As has been the case many a time in Texas, it all started during a Pat Green song.
While the singer regaled the crowd with his casual, country-fried twang in the infield at Texas Motor Speedway on the night of November 2, 2005, one of his biggest fans was freaking out. The man who built TMS from the ground up and established a reputation as one of the most successful promoters in NASCAR history had a problem. Oh, tickets were selling, sponsors were spending, drivers were smiling, and customers were swaying and singing.
But Eddie Gossage couldn't feel his feet.
"It felt like I was standing on ice," Gossage says. "I was basically numb. If you would have cut off my toes I would have never known it. The only sensation I had was like tiny pins and needles in my feet. And I felt sick to my stomach."
It was neuropathy, a condition in the nervous system that is often a precursor to cancer. "I was diagnosed with that way before any treatment plan, way before I knew I had cancer," Gossage says. "But we know now that was it. The cancer was manifesting itself."
As he sits in the lobby of the Residence Inn hotel just beyond Turn 3 of the Daytona International Speedway two days before NASCAR's season-opening super bowl in mid-February, the president, general manager and founding father of TMS seems uncomfortable with the conversation. He admits that his father died of lung cancer—"He smoked two packs of cigarettes every day starting as a teenager," he says—but refuses to identify the type of cancer that almost killed him in 2009. For once, the P.T. Barnum who brought NASCAR to Texas is short of words.
"Let's talk about something else, something positive," he says. "The Daytona 500 is going to be awesome, and we've got a night race this year at the Great American Speedway. Isn't that more interesting?"
Eventually he relents and says a few things. Gossage, 52, is NASCAR's master marketer, pushing envelopes and putting up obnoxious billboards and anything else it takes to get sports fans to visit his 1,500-acre playground along Interstate 35 in the northern limits of Fort Worth. He expects more than 300,000 fans to attend some or all of this weekend's Samsung Mobile 500. He's kicked cancer's ass. And now, he's back to selling bundles of tickets.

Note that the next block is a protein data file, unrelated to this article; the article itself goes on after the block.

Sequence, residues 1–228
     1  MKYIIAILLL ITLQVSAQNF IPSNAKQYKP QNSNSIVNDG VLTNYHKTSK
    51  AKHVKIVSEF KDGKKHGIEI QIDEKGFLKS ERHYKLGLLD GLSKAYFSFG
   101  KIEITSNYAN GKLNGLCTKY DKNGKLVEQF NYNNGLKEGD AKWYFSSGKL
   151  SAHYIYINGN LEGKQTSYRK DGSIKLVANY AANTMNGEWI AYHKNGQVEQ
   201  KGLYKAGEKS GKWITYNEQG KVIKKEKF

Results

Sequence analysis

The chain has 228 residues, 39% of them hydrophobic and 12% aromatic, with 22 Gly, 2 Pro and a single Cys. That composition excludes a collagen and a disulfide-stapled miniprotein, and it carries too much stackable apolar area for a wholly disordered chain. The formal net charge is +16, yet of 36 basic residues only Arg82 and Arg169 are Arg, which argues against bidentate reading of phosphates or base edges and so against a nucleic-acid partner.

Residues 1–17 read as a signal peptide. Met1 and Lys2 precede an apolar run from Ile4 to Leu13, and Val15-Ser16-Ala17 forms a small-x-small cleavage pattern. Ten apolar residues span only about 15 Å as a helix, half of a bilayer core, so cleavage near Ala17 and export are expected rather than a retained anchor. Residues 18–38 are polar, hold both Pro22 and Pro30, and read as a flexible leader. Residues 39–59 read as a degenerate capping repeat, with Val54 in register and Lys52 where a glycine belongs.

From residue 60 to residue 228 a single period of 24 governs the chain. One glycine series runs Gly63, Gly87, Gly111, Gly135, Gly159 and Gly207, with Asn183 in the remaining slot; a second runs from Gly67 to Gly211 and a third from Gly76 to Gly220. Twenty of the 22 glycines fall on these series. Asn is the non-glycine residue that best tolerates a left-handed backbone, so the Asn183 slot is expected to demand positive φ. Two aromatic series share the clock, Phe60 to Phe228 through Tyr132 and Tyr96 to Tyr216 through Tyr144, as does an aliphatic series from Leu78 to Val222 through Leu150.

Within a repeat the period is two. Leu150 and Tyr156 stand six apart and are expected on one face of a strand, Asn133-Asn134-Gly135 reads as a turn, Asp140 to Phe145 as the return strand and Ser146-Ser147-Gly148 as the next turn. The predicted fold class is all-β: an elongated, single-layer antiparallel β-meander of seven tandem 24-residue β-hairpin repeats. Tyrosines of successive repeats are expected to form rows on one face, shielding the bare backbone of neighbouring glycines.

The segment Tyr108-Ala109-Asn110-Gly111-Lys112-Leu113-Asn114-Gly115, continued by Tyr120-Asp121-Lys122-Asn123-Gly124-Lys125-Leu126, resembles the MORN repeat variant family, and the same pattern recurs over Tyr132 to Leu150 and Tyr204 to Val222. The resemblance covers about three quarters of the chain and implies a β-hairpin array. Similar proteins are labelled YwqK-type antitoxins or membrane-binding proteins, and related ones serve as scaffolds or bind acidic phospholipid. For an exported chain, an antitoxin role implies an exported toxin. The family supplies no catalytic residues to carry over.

Yep, the man who survived cancer is exactly who you want in charge of resuscitating NASCAR in North Texas.
"Eddie is one of those special people who just got shot out of the womb knowing how to sell, how to promote," says billionaire racing mogul Bruton Smith, whose Speedway Motorsports Inc. owns nine tracks, including TMS. "Whatever he does, he injects Eddie into it."
Within a month of getting cold feet at Green's concert, Gossage visited a neurologist. And eventually an oncologist. Three years later he was undergoing chemotherapy and radiation treatments to fight the cancer. "Every thought goes through your mind," he says. "But we also caught it very early. Cancer will kill you 100 percent of the time if left untreated. So I'm very fortunate."
While competitor and fellow publicity aficionado Jerry Jones was dominating local headlines with the opening of his Cowboys Stadium in Arlington, Gossage was hoping merely to survive. There was a stretch in 2009 where for 48 consecutive days he and wife Melinda trekked 90 miles round-trip from his home on Eagle Mountain Lake in Saginaw to Baylor Charles A. Sammons Cancer Center in Dallas.
"I got a little sick from the chemo, but the worst part of the whole deal was the traffic," he says, smiling.
Truth is, Gossage was as scared as he was annoyed. In 2008, a friend of his died from the same type of cancer. There were sleepless nights and difficult days. "There were a lot of mornings where I'd wake up and get out of bed and really question whether I could make it back to bed that night," Gossage says.
Along with daily chauffeuring duties, Melinda had to monitor everything Gossage ate and drank. She made him swish his medicine in his mouth when he desperately wanted to spit it out. She pushed him—doctors' orders—to brush his teeth seven times a day, each time with a new toothbrush. She took Eddie, the man who never slows down, the man in charge of NASCAR's 200-mph stock cars, on long, slow, leisurely walks.
"God has an amazing ability to let you block out the bad things," Gossage says. "I barely remember the times when I was throwing up and telling Melinda that I couldn't do this any longer. What I do remember is the little things that helped me hang on. Every day I was fascinated at how Hoss and Little Joe were going to get out of their predicament on Bonanza. And going on walks. How nice it was to feel the heat on my body. On my feet. Just spending time with her. I'd never gone on walks before, but now it's one of my favorite things in life."